Book Review: One Last Stop by Casey McQuiston

  Reviewed by Kamryn Kronschnabel, Patrons Services Librarian, CCPL49882806._UY200_.jpg

If I had a nickel for every time I’ve read a book featuring a romance between a modern-day bisexual college student and a 1970s lesbian who’s stuck in time on the New York subway, I’d have one nickel. If I had a nickel for every time I’ve gushed about how great said book was, though, I’d have a lot of pocket change.


One Last Stop, by Casey McQuiston, is a new gem in our collection. August is our protagonist, a twenty-something who isn’t quite sure what she’s doing with her life and ends up in New York City. She’s on her fifth-ish year of college, has moved in with some eccentric but loveable roommates, and (within the first chapter) gets a job as a waitress at a Brooklyn pancake diner. It isn’t until she pops on the Q line of the NYC subway, though, that her world is turned upside down by Jane, a punk lesbian displaced in time from the 1970s. As we know from the back cover, though, Jane is stuck on the subway, not quite able to remember who she is and disappearing whenever she tries to leave the Q line – and August becomes determined to help her get un-stuck, even if it means losing Jane to the time she came from.


I didn’t fully know what to expect from One Last Stop by Casey McQuiston when I picked it up – McQuiston earned quite a bit of clout with her debut romance novel Red, White and Royal Blue in 2019, but romance is a wide enough genre that I couldn’t be sure what I was getting into with this second book. Admittedly, my expectations were optimistically high… and I got lucky. Boy howdy did this book deliver. The mysteries surrounding Jane – How did she end up on the train? How can August get her off the train? and How often will they experimentally kiss before they finally admit their feelings for one another? – are the driving force behind the book. That said, even the secondary plots are wonderful additions: August’s roommate can’t quite admit his feelings for the drag queen across the hall, her mother keeps bothering her to help find August’s long-lost uncle (whom she’s never met, mind you), and gentrification threatens businesses in the neighborhood they all call home. It’s a beautiful, queer, lovingly-rendered picture of young adult city life.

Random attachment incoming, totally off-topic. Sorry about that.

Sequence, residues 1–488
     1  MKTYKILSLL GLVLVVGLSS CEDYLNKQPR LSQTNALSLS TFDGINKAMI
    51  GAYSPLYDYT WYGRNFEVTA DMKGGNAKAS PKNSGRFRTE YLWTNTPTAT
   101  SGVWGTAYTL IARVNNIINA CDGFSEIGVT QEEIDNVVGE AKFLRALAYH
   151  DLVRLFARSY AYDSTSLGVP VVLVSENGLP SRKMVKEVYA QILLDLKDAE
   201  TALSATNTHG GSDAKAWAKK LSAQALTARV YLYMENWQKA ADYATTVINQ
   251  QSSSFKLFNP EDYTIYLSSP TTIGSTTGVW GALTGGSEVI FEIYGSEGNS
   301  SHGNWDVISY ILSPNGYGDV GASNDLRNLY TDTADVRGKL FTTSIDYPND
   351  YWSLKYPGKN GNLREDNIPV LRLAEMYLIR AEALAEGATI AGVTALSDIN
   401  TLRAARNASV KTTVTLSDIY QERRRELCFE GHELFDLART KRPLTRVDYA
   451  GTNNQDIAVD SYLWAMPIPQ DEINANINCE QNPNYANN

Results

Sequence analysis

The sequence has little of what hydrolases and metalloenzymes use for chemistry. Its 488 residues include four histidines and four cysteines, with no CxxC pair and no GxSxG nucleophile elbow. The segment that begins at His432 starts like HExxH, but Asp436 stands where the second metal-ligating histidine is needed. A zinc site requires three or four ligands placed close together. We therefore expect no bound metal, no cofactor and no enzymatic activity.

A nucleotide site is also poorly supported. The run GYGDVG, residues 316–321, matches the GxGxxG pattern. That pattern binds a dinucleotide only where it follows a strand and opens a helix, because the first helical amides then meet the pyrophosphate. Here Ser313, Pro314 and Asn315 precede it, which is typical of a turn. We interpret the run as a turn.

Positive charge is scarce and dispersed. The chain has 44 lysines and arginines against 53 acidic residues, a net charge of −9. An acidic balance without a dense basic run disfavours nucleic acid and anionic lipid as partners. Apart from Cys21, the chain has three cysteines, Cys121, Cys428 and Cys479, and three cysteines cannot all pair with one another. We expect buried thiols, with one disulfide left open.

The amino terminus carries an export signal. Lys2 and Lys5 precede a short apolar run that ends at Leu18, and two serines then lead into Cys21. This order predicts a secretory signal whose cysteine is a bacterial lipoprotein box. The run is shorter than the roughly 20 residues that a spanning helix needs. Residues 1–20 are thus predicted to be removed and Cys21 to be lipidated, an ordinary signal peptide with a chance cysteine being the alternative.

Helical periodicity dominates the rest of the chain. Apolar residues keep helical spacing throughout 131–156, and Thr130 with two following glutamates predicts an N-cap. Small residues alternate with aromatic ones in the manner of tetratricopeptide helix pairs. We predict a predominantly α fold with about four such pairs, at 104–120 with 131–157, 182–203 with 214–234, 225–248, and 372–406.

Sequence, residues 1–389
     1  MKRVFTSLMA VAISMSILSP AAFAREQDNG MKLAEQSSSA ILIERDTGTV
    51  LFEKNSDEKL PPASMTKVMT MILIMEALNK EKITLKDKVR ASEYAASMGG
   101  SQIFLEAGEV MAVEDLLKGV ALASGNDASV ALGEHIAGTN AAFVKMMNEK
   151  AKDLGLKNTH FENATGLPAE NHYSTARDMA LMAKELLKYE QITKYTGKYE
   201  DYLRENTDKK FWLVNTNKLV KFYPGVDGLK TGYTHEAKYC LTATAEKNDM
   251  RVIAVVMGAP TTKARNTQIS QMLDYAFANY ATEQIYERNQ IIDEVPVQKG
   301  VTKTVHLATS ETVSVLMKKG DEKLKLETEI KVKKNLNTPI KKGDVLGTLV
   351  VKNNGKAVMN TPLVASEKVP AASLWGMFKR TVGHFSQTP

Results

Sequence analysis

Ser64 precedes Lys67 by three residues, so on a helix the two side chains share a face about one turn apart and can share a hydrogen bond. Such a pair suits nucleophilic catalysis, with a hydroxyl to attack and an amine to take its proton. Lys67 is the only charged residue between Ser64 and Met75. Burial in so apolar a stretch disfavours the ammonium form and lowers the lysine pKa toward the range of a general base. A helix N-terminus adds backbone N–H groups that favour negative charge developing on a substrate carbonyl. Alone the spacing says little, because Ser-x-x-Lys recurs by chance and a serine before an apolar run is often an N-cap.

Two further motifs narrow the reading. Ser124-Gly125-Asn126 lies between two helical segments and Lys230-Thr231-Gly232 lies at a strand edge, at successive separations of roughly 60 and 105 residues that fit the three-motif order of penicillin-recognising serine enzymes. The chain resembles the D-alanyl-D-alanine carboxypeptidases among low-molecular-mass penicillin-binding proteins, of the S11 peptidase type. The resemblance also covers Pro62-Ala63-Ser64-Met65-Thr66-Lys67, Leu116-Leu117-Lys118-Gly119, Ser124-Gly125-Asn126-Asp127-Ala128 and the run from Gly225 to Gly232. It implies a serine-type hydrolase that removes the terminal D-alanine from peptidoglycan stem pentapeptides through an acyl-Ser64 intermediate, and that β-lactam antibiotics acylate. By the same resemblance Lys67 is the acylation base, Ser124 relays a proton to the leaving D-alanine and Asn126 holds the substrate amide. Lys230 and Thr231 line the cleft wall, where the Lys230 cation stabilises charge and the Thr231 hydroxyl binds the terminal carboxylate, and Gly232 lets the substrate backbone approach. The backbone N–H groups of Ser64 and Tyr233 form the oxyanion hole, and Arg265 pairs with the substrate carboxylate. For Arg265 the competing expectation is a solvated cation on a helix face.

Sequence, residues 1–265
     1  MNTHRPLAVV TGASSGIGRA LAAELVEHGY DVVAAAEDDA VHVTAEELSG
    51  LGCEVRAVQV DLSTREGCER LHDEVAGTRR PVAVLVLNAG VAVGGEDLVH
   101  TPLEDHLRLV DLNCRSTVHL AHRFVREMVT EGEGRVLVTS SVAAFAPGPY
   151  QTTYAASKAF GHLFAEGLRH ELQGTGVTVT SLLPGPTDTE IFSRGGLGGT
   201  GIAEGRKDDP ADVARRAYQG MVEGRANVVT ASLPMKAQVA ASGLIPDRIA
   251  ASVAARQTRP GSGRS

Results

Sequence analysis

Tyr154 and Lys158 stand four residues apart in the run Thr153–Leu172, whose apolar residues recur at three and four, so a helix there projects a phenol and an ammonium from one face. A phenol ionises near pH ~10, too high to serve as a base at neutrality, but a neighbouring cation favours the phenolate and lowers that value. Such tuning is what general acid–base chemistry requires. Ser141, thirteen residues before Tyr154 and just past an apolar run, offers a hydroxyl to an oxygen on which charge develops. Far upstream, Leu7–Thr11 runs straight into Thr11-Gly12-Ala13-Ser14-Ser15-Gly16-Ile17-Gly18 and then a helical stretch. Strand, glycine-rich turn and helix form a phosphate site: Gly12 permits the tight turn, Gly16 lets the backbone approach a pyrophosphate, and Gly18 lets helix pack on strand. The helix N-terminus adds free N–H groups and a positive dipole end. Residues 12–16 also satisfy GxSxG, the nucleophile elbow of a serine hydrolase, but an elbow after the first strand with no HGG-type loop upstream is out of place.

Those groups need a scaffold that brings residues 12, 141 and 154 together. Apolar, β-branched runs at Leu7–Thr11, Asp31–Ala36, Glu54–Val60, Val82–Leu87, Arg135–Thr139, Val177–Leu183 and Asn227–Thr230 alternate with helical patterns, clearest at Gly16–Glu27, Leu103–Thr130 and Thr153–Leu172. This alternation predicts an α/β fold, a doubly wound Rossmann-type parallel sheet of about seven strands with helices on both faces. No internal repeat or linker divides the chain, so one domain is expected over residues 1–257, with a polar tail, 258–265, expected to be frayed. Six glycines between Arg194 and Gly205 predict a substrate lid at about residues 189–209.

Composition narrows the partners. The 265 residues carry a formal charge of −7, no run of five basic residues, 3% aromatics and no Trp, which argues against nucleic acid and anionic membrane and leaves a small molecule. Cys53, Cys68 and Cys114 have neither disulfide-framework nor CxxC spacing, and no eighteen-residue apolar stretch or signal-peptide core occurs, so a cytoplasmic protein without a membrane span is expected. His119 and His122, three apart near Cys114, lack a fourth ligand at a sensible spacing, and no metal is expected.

A word of caution for the emotional readers out there, though – I cried straight through the last few chapters of One Last Stop. I imagine this makes you guess at the ending, but I can almost guarantee that you’ll be surprised anyway.


McQuiston’s novel One Last Stop (as well as her debut Red, White and Royal Blue) is available for checkout at Charles City Public Library.  Stop in, call ahead, or log in online to reserve today.